If you, like me, were a teenager during the nineties – unplugging the house phone so you could ignore impending phone calls from the well mannered but unfortunately sincere youth you met down the Wimpy, smoking hashish that tasted like petrol and burned crispy ickle holes in your school trousers and watching American singles sitcoms like Friends and Sex and the City instead of dating – you will no doubt have been anticipating the myriad pleasures of adult life with some fervour. The Future, as the present was known then, was a promised land of caddish dark haired strangers. Orgasms alfresco. Studio apartments with purple doors. Quirky friends with flexible, but well paid jobs and no hobbies or family commitments that might impinge on an social activity. And LOTS OF SEX. Loads of it.
Basically, sex would be what you were doing or thinking or talking about ninety eight percent of the time, unless you were buying shoes.
But as you, like me, will have no doubt realised, it ain’t the nineties no more. It’s 2013 and adult life has completely failed to deliver on the gifts it once promised. All the dark haired cads either got married or decided to embark on extended periods of travel in South Asia with their girlfriends – or else they drink in different pubs than you do. It’s been too cold to bare so much as a shoulder alfresco since the summer of 2006. House prices are now at the kind of astronomical levels that mean you’ll be lucky if you can afford a garden shed in your life time. The tripple-dip recession has resulted in all your friends working 100 hour weeks and being too knackered to do anything on the weekends except sleep. And there’s no sex. None at all.
Sex is over, so far as I can tell.
The coupled people have stopped doing it because they’re married now, or pregnant, or post-pregnant and sporting stitches in their severed genitalia. Or else their libidos have been crushed by sobering details of the sexual antics of horny, lizard faced celebs who are currently being herded into custody like decrepit old cattle. And the single people have stopped doing it because they’ve realised casual sex is mostly gross. Especially afterwards, when the clammy stench of a stranger stains the bedsheets, and the fear of super sperm that has the power to leap through latex stains the edges of any residual pleasure. Which makes adulthood rather difficult to navigate. Particularly for single people who grew up in the late twentieth century and have literally no life blue-prints from iconic popular culture that they can follow without indulging in regular one night stands. It’s a right conundrum.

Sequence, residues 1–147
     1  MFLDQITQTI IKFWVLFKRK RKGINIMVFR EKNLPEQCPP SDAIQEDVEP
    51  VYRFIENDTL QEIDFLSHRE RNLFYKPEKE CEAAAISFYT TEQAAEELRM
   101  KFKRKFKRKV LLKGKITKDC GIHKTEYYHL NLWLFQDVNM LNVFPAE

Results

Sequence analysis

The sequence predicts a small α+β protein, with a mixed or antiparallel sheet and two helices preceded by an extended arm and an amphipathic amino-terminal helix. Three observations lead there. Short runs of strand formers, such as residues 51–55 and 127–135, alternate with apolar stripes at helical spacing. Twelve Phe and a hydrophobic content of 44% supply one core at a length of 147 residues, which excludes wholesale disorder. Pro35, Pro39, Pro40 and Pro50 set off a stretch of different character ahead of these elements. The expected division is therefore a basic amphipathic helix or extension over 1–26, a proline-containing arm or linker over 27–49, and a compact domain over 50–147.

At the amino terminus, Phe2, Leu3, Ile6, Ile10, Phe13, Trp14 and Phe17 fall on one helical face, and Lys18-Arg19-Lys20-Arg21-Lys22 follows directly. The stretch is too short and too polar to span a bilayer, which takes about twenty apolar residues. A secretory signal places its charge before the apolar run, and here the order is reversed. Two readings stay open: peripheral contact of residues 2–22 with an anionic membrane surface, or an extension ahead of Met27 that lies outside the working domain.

Luckily, I can report that not having sex is well underrated. You don’t have to worry about venereal diseases, unwanted pregnancies, failure to orgasm or rejection. You can turn the surface of your double bed into a handy storage centre so that you never have to be further than an arm’s length away from your mobile phone, laptop, PINsentry reader or copy of Adrian Mole: The Widerness Years. Nobody wakes you up in the dead of night by rolling onto your side of the bed, snoring or attempting to spoon you. Alright, there’s less in the way of tingly physical excitement, but scientists reckon you can totally recreate that post-coital high by eating spicy foods and chocolate.
The other thing is, when there’s no chance of sex you can stay in and bake and read good novels and watch Four in a Bed and not experience even the teeniest twinge of displeasure at the thought that you might be missing out. Conversely, you can leave the house and socialise with good looking people without being disturbed by the voices in your head that want to touch their private places. Which you’ll find makes social situations about six hundred per cent less worth turning up to. But still, there’s always Prosecco.
Who needs a blueprint when life’s this simple?